5 WAYS TO ENJOY A CITYBREAK WITH KIDS
A citybreak is supposed to be romantic- a weekend spent lounging outside pavement cafes, sharing candlelit meals, strolling hand in hand round cultural monuments… so can you really enjoy a weekend in a glamorous European city with the kids in tow? Yes, you can- and here’s how.
1.PREPARE THEM IN ADVANCE
Adults love to plunge into new cultures, try new foods, and experience exciting new tastes. Children, by contrast, are like grumpy old men, who have eaten the same breakfast for 73 years and aren’t about to swap their Warburtons toast for some fancy bit of puffed-up foreign pastry.
That’s why, if you try to enjoy a petit dejeuner at some glorious Art Nouveau Parisian Café, your children will gaze at the croissants as if they are baked hand grenades, and refuse to contemplate a dinner menu that doesn’t feature des nuggets et frites. So, like getting a cat used to a new home, you can ease the stress by gradually introducing the foods you want to eat on your citybreak at normal mealtimes.
Once they’ve eaten Paella made with Tesco prawns, the genuine Barcelona version won’t scare them so much (unless it’s the kind with octopus. In which case, forget it.) And if they’ve had croissants from Sainsburys’ as ‘a treat’, they’re less likely to spoil your wonderful St Germain breakfast whining about eggs and soldiers.
Research from the University of Birmingham shows that small children may have to try an unfamiliar food between eight and fifteen times before they accept it. So break down resistance before your citybreak- not on the first morning.
2. RESEARCH PUBLIC TRANSPORT
Adults love to wander- strolling down picturesque alleyways, walking miles just absorbing the surroundings, enjoying the atmosphere, admiring the architecture. Try that with the under-tens, and you’ll get as far as the hotel steps.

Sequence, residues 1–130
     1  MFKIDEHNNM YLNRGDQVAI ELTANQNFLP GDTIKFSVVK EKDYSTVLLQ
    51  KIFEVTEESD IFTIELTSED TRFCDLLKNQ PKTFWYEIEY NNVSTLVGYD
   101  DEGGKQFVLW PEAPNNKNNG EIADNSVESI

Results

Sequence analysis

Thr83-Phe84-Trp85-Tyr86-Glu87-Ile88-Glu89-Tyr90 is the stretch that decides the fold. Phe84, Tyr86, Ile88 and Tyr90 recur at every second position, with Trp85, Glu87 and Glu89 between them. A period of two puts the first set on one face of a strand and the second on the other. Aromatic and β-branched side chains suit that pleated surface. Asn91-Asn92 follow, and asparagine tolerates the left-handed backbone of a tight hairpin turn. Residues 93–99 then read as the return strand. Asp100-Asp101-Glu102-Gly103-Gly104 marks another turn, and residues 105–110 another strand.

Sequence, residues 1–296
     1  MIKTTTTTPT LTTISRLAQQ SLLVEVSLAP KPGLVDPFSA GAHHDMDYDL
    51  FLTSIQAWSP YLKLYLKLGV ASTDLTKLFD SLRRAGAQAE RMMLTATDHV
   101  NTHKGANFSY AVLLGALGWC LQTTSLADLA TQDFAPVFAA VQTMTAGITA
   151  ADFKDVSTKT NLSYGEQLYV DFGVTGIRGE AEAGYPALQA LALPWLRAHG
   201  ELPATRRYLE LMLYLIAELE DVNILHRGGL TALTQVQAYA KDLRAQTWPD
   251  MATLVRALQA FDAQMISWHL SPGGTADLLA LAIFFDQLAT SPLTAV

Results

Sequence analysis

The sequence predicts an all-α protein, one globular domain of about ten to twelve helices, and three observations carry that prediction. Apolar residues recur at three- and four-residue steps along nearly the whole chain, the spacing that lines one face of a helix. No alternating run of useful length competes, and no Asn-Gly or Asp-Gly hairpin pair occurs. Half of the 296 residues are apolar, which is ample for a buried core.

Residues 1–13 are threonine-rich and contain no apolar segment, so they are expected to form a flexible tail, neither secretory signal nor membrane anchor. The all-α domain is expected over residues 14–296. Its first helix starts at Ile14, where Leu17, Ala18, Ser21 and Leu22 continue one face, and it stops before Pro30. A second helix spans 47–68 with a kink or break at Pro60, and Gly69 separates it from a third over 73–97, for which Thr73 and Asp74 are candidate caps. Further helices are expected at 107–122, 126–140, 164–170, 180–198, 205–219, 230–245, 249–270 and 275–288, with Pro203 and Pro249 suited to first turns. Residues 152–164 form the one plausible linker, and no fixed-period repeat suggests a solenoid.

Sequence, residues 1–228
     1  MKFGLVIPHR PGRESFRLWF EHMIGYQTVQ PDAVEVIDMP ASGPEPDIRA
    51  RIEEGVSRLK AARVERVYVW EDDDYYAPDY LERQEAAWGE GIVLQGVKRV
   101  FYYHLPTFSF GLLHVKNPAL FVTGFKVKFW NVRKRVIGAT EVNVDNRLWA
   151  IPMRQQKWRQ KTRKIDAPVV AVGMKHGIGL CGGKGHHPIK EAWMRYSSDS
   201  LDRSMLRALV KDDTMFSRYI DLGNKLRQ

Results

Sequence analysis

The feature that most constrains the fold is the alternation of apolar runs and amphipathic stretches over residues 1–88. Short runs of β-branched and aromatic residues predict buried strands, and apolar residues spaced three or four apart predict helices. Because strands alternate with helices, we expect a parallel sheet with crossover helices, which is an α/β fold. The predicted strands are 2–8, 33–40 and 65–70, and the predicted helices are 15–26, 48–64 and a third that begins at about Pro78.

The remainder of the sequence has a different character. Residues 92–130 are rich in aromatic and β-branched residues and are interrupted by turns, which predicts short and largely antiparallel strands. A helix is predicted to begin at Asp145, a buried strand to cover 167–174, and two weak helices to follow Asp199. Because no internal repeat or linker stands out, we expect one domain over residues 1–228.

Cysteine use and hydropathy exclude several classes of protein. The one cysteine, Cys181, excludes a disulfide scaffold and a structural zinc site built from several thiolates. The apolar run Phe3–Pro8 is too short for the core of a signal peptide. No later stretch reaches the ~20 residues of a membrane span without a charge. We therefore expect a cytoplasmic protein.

Children don’t understand the idea of ‘just wandering about’ for an unspecified time. That’s why ‘are we nearly there yet?’ is stamped through their little bodies like Blackpool rock, and despite being unable to manage homework, bedtime or getting their own shoes on, they have an internal timekeeping apparatus like a Patek Philippe when it comes to their next meal.
So there is zero fun to be had in traipsing unfamiliar streets with whining children demanding plain-cooked food and claiming exhaustion, no matter how often you cry “look, darling! A perfect example of Modernist architecture!”
Instead, make sure you fully understand the public transport system of your chosen city. “We’re on this bus for ten minutes then we’re going to a café,” is infinitely more appealing to children than “let’s just see where we end up.”
"you’ll all have far more shared fun laughing at German sealions, or attempting to build a foam tower of blocks..."
3. BUILD IN RUNNING-ABOUT TIME
It’s tempting to decide that this is your break, and the kids will simply have to enjoy it. They can learn to love Art! Museums are highly educational! And no way are you wasting an entire afternoon hanging about in the Dutch equivalent of a soft play area, just to keep them quiet.
However, they didn’t ask to be dragged round cultural experiences- so a bit of give and take works wonders.
If the weather’s fine, most great European cities have wonderful parks- the Park Guell in Madrid, the Tuileries in Paris, Amsterdam’s Vondelpark- so concede a museum or two, and instead, head to a sunny park bench, while they befriend other children on the swings.